I don't think I'm alone in saying that there are about a million things that I'd rather do than relive my middle school years. I mean, back when I was going through it, it was called junior high, but it was basically the same: trying to fit in, trying to please your friends (whoever they were this week), trying to please your parents (even though it didn't seem like it to them) and generally making your way into teenhood.
Junior high was such a difficult time for me that, arrogantly, I thought that no one hated the experience more than I did. So, I get a perverse thrill every time evidence emerges that disproves my theory.
The latest person to document the pain of these excruciating years between childhood and the teen years is Washington Post reporter Linda Perlstein, whose new book Not Much Just Chillin': The Hidden Lives of Middle Schoolers shows this tough time through the eyes of a handful of students at a suburban Maryland middle school.
All the familiar characters are there. There's Mia, the popular girl who is both impressed and freaked out by her status. There's brainy Liz, the daughter of hippie parents who seem to treat parenting a teenage girl with all the delicacy and strategy of hostage negotiations. Eric, the smart but under-performing boy from a broken home. Lily, who is constantly enamored of her best friend, the popular Mia. Jackie, the sensible girl who gets serial crushes on boys but, so far, hasn't engaged in the reckless sexual behavior of some other girls she knows.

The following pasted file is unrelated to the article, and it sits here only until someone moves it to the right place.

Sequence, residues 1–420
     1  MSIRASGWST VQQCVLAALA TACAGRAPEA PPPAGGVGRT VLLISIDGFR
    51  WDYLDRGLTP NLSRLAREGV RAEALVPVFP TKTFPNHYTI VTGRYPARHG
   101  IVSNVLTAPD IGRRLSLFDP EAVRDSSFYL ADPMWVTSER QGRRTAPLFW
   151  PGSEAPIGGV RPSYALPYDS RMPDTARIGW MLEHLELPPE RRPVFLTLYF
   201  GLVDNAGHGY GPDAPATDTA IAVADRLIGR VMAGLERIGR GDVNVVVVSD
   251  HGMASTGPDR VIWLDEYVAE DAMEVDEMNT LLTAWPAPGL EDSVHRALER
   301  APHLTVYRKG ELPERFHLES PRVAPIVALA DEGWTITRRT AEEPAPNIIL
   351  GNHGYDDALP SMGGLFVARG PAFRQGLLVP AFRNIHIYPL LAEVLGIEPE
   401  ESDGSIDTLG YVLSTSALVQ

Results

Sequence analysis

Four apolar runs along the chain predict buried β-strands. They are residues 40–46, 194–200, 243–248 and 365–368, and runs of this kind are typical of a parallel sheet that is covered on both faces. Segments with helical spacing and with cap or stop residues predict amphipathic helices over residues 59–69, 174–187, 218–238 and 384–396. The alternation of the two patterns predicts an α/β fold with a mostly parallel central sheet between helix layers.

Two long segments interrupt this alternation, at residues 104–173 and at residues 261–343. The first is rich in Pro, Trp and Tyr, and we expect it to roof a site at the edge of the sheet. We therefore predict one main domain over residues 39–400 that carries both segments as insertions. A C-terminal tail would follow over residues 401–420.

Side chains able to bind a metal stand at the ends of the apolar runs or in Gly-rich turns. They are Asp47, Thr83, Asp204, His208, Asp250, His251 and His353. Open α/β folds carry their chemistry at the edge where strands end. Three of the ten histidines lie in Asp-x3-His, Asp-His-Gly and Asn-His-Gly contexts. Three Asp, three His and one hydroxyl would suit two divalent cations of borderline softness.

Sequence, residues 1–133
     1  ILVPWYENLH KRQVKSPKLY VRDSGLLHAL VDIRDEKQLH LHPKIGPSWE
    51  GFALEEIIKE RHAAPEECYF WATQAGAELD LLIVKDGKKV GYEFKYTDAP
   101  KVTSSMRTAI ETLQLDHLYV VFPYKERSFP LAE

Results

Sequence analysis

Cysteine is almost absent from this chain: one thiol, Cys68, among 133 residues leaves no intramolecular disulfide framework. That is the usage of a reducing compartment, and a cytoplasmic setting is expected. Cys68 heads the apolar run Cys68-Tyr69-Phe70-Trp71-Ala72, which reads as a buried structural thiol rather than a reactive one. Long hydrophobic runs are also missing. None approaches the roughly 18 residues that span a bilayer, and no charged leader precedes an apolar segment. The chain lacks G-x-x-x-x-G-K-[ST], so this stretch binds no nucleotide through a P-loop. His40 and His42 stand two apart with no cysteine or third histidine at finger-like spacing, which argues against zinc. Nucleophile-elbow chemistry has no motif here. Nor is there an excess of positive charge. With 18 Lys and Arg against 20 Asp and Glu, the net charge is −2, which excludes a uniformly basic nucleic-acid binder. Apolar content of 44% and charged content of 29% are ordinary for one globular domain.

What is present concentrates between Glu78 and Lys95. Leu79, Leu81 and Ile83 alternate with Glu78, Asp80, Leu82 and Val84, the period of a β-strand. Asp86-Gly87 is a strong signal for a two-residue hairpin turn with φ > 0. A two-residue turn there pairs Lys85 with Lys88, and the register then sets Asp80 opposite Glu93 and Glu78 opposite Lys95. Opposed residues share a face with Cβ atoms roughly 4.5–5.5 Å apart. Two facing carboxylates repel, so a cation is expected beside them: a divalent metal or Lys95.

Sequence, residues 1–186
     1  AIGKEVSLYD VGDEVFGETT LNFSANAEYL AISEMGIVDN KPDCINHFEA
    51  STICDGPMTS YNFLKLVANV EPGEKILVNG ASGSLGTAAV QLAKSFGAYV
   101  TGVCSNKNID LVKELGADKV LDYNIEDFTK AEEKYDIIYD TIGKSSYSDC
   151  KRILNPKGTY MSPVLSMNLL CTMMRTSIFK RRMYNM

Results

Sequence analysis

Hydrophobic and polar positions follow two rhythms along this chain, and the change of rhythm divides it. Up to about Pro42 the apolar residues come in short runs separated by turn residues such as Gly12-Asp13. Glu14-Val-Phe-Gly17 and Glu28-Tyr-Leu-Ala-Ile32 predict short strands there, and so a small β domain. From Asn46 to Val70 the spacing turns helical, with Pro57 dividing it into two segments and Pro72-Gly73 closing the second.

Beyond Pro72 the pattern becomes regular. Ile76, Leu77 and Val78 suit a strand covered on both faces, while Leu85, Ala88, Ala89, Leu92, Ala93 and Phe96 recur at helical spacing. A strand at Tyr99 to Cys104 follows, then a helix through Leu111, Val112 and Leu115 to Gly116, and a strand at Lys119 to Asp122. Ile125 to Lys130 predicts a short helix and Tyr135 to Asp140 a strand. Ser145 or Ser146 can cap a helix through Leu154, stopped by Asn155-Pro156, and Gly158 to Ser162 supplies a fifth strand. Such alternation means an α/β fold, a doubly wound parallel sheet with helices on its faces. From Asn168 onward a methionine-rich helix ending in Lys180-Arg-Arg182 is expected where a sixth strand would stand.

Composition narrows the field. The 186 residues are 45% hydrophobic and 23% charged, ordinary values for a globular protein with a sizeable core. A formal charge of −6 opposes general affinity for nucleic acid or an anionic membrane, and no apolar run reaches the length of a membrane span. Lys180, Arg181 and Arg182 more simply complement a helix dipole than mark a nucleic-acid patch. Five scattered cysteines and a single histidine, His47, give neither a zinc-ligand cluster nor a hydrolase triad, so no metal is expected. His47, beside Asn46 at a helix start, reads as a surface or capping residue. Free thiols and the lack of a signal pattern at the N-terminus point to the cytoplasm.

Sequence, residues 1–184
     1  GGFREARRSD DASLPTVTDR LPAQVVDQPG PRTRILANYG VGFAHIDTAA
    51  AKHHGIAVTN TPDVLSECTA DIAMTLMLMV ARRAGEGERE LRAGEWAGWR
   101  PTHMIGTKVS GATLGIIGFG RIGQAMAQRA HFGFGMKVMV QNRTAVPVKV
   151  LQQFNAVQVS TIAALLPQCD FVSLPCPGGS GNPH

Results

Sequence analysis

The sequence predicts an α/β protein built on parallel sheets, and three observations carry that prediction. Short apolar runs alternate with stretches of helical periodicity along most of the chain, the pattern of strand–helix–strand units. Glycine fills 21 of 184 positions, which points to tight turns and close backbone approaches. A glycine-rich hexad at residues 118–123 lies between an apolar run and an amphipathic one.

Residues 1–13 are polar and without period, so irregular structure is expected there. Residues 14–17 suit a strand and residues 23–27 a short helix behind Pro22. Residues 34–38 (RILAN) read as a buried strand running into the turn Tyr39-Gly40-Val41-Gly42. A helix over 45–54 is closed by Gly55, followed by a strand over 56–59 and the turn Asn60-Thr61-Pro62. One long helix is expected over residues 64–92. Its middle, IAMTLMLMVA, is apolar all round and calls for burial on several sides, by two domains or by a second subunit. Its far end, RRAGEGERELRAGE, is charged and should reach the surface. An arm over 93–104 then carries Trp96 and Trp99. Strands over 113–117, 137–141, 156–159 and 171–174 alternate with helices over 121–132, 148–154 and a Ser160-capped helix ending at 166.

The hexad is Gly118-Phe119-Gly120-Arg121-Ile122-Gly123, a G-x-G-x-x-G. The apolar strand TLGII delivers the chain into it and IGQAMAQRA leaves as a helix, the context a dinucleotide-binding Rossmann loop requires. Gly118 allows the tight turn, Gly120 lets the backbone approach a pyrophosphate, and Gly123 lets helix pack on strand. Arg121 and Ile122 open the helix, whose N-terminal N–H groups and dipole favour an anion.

Perlstein chronicles their actions, conversations and their thoughts on everything from the Sept. 11 tragedy to friendship, schoolwork and romantic relationships. Because of her attention to detail, her subjects are shown to be complicated, sensitive -- though occasionally maddening -- human beings, and not the monsters that they often seem to be at this stage.
Despite their occasionally childish, self-destructive behavior -- such as blowing of classwork that they need to do to pass, or gossiping about a supposed "best friend" behind her back -- we feel for these kids. We root for them, and we look forward to seeing what the future holds for them. Perlstein shows middle school for the scary, often heartbreaking experience it is for nearly every kid. Everyone who reads it should be able to identify -- and realizes, finally, that they weren't alone.